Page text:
When she returned to New York, the guilt she had felt in India at being pulled in a tonga (rickshaw) by another human being made her resolve to ride in the front seat of cabs, but she soon gave it up for reasons not hard to imagine.
She conquered male-dominated publishing like a Marxist Scarlett O’Hara. Her best early writing had a Nellie Bly flair, especially her 1963 exposé of Playboy Clubs, “A Bunny’s Tale,” but even the worshipful Miss Heilbrun admits that The Beach Book was “clearly not a book any serious publisher in his right mind would have agreed to.” But Viking’s Tom Guinzberg was not in his right mind, he was in Miss Steinem’s bed. We aren’t sure where John Kenneth Galbraith was, but he wrote the introduction to her sandy anthology, explaining that he did so because “I like the girl who put it together.” Sold with a sun screen inside the cover, The Beach Book contained suggested fantasies: “You have just dealt a crushing defeat in public debate to (choose one: William Buckley Jr., Hugh Hefner, David Susskind, Ayn Rand), who is being laughed off the stage.”
But she was never frivolous for long. Given some stock in New York magazine, she used it as collateral to bail women out of prison to get abortions when the prison hospital refused to perform them. Even more earnestly, she told a new bride: “You married that man? I would have stopped you; he’s another conservative central European.”
When she founded Ms. she vowed to run “a communal, cooperative, nonhierarchical, democratic” magazine patterned on the “strict structurelessness” of early radical feminism. Nobody had a title and there was no masthead, just an alphabetical list of “workers” with the now-famous Miss Steinem buried under S. This egalitarian code was broken when a worker’s mother said, “I saw your boss on television.”
Private offices with doors were verboten; everyone worked in a communal room which also served as the nursery for single mothers on the staff. Editorial duties were assigned by lot; all the workers read all the copy and everyone got to express an opinion, including the receptionist. When a reviewer panned Kate Millett’s book some workers didn’t want to run the review because it might hurt Miss Millett’s feelings; another warned, “Kate might have a nervous breakdown” unless they cut the mean parts.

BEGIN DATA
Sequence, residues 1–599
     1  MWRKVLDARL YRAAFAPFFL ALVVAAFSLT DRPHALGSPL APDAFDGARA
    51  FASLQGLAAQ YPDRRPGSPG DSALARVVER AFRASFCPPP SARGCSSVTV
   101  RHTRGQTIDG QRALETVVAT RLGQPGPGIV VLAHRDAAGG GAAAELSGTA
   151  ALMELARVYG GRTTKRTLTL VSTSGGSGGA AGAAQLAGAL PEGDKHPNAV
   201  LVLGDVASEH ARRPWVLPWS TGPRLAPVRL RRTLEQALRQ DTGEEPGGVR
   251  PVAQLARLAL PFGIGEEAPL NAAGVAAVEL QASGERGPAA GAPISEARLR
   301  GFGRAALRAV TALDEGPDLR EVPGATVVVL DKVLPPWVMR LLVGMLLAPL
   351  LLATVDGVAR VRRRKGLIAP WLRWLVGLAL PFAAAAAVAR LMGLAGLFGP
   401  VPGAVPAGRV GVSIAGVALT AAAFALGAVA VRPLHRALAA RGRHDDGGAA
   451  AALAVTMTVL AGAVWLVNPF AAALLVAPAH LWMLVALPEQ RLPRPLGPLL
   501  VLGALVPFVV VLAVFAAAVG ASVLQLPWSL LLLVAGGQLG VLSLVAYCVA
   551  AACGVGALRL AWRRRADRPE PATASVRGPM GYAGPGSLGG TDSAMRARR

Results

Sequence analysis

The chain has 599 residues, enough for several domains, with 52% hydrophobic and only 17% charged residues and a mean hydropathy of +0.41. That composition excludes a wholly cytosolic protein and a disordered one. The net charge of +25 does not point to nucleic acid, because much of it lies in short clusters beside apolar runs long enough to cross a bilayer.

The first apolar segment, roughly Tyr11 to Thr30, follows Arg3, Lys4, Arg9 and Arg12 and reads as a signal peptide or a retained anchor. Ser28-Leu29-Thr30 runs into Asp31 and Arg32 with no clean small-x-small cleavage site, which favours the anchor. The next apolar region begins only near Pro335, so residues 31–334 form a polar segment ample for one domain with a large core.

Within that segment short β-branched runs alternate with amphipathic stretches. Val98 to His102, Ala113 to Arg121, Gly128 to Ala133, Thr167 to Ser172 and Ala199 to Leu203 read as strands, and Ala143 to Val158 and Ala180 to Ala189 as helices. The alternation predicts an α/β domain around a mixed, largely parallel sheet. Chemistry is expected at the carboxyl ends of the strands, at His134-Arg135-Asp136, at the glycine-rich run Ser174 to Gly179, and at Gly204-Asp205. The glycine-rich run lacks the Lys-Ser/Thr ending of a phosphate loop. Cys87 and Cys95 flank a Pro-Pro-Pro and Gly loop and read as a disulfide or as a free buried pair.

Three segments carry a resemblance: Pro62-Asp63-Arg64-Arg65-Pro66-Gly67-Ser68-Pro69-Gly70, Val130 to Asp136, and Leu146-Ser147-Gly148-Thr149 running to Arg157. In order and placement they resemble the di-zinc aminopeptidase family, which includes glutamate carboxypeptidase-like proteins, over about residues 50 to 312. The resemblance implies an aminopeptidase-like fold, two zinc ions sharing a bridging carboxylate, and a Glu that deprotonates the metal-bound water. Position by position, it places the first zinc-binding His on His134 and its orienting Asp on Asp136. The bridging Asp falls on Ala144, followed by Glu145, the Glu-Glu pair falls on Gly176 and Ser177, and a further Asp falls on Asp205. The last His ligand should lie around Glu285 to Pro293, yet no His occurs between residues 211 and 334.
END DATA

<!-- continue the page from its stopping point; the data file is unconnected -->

By 1979 Ms. had lost so much money that Miss Steinem had to file for non-profit status. This enabled her to get a $300,000 grant from the Ford Foundation. Whether it helped that she had had an affair with Ford Foundation president Franklin Thomas is not known.
Her last important lover was real-estate tycoon Mortimer Zuckerman, whose limo made her feel so guilty that she asked him to replace it with a van. Normally she would not have slept with a man who believed in trade with countries whose embassies she picketed, but he knew how to break down her resistance: he told her he had had an emotionally deprived childhood. It worked. She decided to “help” him, telling herself, “Once happy, he would give all his money to the poor.” He didn’t–nor did he get rid of the limo.
The only enjoyable parts of this book are the quoted passages by other writers. Miss Heilbrun herself is maddening. Three examples will suffice.
Miss Steinem’s gullibility in business matters: “Those who despise all group hatreds, all racial and sexual stereotypes, are more easily duped.”
Miss Steinem takes up feminism: “Like Paul after his vision on the road to Damascus, but like him in no other way, she decided to go forth and speak, to spread the message.”
Miss Steinem today: “She has, furthermore, shocked many people in frankly stating that her sexual drive has diminished.”
What is so shocking about a woman of 61 saying that? It’s the only sensible thing she’s ever said.